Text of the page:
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Council postpones action on Project Duration Ordinance to March 21

Friday, March 1, 2013 by Michael Kanin

Austin City Council members Thursday delayed for three weeks a vote on a sweeping change in the city’s Project Duration Ordinance. The break will allow members of the city’s Planning Commission to review the move, and hold a public hearing on it, before it comes back before Council members on March 21.

 

As currently written, the Project Duration Ordinance forces the expiration of projects at between three and five years after its initial permit date. A recent opinion from Attorney General Greg Abbott said that the ordinance conflicts with state law.

 

It remains unclear whether the pause will bring an outcome that will satisfy the numerous environmental advocates now lining up against a change that would make the city comply with Abbott’s opinion. Still, Save Our Springs Alliance executive director Bill Bunch, argued for the delay.

 

“What you have on your table would essentially give away, literally for decades…control over matters that address water quality, growth management, and public health and safety,” Bunch told Council members.

 

The ordinance in question dates back to an odd gap in state regulatory action. In 1997, Texas legislators inadvertently repealed the state’s grandfathering bill. By the time they corrected themselves in 1999, the City of Austin had written its own rules with the Project Duration Ordinance. (See In Fact Daily, Aug. 6, 2012.)

 

Abbott’s ruling was issued in December in response to a request from State Rep. Rene Oliveira (D-Brownsville) on behalf of State Rep. Paul Workman (R-Austin). In his opinion, Abbott writes that city rules included in the project duration ordinance cause “a project to expire sooner than it would under the provisions of” the state’s grandfather protections. (See In Fact Daily, Feb. 19, 2013.)

 

Council members had to face the issue when two managed growth agreements appeared for approval in early February. When approved, a managed growth agreement can allow a developer to extend project rules available at the time of initial planning. They can also be used to navigate around the expirations in the Project Duration Ordinance. (See In Fact Daily, Feb. 5, 2013.)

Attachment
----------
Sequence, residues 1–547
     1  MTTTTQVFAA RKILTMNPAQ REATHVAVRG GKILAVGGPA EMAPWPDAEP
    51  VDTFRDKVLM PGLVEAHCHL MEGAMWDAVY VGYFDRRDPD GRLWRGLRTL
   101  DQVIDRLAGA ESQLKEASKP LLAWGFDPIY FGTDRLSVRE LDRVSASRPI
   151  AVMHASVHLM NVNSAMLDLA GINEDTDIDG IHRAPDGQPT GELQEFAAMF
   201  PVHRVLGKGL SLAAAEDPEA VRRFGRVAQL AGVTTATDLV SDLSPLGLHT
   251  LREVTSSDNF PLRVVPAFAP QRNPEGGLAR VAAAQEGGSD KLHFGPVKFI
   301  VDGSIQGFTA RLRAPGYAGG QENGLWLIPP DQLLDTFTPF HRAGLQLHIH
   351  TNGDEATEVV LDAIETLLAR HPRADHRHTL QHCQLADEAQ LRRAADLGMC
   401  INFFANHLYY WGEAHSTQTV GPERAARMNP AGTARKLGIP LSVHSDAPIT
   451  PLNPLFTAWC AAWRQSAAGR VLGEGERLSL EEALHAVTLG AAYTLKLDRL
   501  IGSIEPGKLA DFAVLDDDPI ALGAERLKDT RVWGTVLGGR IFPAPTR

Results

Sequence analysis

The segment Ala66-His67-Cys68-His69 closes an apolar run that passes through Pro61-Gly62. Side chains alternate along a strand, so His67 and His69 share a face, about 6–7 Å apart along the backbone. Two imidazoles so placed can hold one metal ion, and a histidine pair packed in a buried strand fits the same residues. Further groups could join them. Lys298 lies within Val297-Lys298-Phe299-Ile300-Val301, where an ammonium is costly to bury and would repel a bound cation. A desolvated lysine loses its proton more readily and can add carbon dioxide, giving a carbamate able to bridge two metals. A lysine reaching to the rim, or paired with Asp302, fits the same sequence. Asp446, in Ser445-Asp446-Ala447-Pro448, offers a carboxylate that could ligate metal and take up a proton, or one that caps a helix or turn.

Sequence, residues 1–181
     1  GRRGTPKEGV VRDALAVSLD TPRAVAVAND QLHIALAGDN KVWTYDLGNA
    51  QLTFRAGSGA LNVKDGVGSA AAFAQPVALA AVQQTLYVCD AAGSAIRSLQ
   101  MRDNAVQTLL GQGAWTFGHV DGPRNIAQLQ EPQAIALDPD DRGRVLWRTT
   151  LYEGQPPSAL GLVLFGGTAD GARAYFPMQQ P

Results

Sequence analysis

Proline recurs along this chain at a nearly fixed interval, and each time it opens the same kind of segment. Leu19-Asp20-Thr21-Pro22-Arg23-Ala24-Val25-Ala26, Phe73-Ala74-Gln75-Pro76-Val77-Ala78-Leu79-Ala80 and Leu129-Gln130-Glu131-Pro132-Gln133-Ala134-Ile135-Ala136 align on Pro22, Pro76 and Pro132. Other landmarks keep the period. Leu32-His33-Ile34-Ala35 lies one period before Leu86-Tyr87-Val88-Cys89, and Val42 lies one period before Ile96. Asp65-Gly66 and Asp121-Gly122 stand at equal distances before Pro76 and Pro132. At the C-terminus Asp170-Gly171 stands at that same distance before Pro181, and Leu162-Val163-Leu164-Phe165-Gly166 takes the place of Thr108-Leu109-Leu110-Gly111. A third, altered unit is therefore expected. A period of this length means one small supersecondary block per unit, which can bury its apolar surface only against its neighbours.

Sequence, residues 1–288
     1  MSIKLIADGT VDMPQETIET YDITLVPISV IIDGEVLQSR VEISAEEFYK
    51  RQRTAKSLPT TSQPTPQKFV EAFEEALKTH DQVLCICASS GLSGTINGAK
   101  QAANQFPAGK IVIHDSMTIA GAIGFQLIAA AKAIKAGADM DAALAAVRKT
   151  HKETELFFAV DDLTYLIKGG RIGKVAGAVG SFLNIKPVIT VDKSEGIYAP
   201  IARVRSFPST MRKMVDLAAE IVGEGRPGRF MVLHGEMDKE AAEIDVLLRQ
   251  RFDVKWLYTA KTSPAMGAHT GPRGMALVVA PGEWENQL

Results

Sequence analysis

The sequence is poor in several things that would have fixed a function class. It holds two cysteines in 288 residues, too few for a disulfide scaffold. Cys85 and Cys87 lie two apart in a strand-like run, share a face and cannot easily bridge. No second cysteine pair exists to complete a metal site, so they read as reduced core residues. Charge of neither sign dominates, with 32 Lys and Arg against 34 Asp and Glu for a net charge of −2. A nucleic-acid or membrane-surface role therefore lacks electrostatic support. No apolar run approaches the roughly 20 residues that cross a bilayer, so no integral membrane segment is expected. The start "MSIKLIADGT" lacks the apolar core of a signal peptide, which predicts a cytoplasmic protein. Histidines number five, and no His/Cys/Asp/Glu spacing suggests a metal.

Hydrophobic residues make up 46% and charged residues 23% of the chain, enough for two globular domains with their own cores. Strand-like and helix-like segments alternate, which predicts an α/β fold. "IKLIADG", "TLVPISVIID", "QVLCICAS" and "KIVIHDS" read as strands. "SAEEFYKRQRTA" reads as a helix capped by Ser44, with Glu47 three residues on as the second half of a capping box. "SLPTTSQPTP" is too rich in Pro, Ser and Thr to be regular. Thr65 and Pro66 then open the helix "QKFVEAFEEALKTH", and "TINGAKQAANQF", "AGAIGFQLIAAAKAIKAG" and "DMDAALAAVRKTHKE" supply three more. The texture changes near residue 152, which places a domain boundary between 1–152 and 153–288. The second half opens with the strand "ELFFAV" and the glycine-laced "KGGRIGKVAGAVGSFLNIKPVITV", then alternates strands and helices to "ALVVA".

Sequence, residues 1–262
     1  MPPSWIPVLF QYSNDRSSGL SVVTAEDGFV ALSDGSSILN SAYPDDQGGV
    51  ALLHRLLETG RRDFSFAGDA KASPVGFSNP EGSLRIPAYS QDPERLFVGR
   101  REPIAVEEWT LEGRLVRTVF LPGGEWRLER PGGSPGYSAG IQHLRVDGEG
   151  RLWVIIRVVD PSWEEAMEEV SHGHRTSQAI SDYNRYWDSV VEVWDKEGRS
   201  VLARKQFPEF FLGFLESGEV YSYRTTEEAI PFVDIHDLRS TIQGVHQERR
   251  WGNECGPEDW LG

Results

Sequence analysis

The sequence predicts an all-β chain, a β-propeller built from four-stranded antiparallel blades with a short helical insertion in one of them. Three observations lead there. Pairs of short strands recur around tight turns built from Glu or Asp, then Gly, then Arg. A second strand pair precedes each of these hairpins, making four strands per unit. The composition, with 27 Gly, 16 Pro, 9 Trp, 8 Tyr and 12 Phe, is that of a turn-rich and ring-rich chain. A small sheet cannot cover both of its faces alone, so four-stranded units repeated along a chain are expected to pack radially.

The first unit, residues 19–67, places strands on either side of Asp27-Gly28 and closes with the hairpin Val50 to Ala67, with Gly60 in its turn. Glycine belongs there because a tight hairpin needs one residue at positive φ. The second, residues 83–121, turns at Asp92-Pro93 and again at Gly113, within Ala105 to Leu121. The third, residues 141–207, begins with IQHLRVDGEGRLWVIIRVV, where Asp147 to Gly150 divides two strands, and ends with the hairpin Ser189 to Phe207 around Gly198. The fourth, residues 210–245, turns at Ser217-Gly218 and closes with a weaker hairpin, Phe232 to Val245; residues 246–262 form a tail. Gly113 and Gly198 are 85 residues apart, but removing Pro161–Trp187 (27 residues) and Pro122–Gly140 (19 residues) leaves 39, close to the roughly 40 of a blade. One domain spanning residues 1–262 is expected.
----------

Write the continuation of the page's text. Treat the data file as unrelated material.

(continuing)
The Abbott opinion put city officials in a tough position. Though it does not carry the force of law, it should be seen as a warning shot. Indeed, Planning and Development Review Director Greg Guernsey brought forward Thursday’s item with an emergency tag – a feature that would allow it to go in to affect within 10 days.

 

Without the change, legislation overturning the current city ordinance is a distinct possibility. Time is a factor because next Friday is the deadline for filing bills. However, by custom members of the Senate waive that rule so their members can file legislation at any time.

 

Bunch and three other attorneys – Environmental Board member Marisa Perales, Brad Rockwell, and Doug Young – signed a letter objecting to the emergency status. “Neither the ordinance nor the back-up have provided evidence of any such emergency,” they wrote. “We see no significant harm that would flow from a postponement of a few weeks; conversely, the consequences of acting hastily could be severe and far reaching in both time and harm done to Austin’s public health, safety and welfare. The actual results of the proposed action have not, as far as we know, been evaluated by staff or interested stakeholders.”

 

Guernsey, in pushing for quick adoption of the ordinance changes, insisted that the repeal of language that contradicts Abbott’s opinion and state law would only be the start of a process to replace the Project Duration Ordinance with something new. Besides, he argued, if the city didn’t act, it could face legal or legislative action.

 

However, Guernsey also conceded that the number of projects that fall might be subject to the project duration ordinance were not numerous.

 

With that in his pocket, Council Member Bill Spelman could see no reason not to allow a brief delay. “It seems to me…that a delay in our consideration of the best response to the Attorney General opinion of a couple weeks or a month is probably not going be too (detrimental) to too many projects,” he said.

 

Leffingwell urged his colleagues to move forward with the changes so staff could start work on a new set of rules. “We’re going to come back here on the 21st and do what we know we have to do today,” he said. “In the meantime, the process of crafting a new ordinance could have already been underway, and that’s the one that needs to have the public process.”

In the end, only Leffingwell and Council Member Mike Martinez voted against a delay.

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